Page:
Feel free to submit your own worksheet if you have covered this topic with your students. Ask them to consider whether and how this lesson affected the way they read advertisements.
Provide students with a variety of advertisements directed at children. From which direction did you flick through the pages — front to back or vice versa?
Do you think advertisements have an effect on your personal interests? Distribute the Commercial Dig activity, explaining to students that this is a long-term assignment that requires them to keep track of eight commercials viewed during one television program and to explain briefly the purpose of each advertised product.
Have students use their completed charts to answer the reflection questions. These prompts will help you set the scene for the next stage of the lesson — discussing and learning about advertising techniques.
Encourage them to write freely on the paper and make comments to indicate how the advertising is working to persuade a reader. Ask yourself what is the purpose of the advertisement.
Based on the class discussion, list examples of what students' qualify each as a picture, symbol, or slogan and write various examples in each column. For some groups, you may need to lead this phase of the lesson yourself, and provide prompts and guiding questions to move the discussion in the desired direction.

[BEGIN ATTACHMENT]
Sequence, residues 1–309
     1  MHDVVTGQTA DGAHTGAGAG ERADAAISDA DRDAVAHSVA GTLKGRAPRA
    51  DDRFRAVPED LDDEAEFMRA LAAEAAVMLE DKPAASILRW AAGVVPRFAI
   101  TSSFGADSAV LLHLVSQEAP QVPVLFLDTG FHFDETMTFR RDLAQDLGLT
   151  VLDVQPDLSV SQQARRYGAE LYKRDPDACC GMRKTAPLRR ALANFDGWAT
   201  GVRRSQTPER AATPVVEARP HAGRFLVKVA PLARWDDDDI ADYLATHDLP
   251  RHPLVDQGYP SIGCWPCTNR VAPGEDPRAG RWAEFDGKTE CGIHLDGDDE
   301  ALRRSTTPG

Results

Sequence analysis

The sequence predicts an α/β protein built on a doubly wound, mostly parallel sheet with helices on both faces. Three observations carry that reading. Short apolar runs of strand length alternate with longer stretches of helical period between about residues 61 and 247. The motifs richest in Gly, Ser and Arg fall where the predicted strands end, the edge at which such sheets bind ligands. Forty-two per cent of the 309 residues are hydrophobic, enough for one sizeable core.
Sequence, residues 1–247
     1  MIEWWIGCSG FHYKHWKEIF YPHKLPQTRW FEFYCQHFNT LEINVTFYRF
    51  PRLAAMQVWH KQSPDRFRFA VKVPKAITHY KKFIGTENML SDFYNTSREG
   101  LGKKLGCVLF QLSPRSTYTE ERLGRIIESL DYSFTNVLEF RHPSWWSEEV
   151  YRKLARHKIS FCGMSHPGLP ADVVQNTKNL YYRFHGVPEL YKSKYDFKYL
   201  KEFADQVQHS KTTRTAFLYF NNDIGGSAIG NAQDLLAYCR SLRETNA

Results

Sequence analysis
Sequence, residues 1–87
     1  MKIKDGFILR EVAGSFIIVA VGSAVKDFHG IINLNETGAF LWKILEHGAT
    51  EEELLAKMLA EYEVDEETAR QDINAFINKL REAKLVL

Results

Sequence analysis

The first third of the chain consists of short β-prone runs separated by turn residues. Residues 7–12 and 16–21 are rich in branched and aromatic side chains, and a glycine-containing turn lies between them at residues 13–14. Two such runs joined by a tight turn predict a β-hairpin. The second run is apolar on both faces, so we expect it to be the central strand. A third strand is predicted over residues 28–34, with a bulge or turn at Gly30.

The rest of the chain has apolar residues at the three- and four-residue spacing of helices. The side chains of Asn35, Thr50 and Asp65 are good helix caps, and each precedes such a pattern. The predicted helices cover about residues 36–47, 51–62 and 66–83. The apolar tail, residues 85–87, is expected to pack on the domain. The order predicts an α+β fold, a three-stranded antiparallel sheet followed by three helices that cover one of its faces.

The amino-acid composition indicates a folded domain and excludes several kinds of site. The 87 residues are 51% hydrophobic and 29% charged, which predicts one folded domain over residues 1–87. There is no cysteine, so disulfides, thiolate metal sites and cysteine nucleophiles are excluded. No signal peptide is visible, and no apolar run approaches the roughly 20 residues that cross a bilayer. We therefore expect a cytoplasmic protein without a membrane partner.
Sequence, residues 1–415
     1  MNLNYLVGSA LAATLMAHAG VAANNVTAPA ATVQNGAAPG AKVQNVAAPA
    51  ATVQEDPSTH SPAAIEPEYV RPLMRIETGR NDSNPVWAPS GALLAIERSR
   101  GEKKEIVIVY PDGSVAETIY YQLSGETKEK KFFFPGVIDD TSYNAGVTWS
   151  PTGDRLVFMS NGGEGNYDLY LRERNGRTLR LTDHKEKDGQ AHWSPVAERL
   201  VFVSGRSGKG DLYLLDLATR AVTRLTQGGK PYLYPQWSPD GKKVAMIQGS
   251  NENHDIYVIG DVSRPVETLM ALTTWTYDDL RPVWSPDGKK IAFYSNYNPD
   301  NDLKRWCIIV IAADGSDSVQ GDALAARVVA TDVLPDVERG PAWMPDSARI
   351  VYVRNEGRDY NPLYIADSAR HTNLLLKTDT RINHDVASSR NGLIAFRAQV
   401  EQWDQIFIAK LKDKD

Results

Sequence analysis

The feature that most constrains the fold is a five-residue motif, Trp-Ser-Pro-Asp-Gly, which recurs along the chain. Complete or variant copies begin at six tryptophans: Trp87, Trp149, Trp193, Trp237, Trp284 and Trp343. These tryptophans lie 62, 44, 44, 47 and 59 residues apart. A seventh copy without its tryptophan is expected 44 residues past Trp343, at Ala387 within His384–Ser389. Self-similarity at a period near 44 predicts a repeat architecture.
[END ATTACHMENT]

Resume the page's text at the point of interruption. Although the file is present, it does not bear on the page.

Distribute the Persuasive Techniques in Advertising handout and introduce the concepts of pathos, logos, and ethos, defined at the top of the handout. Some possible examples include Reese's Peanut Butter Cup Minis Commercial You could also print advertisements from websites that are popular with your class, or clip advertisements from children's magazines.
Deepen students' understanding of the concepts of pathos, logos, and ethos with visual examples by sharing with them the Persuasive Techniques in Advertising online video.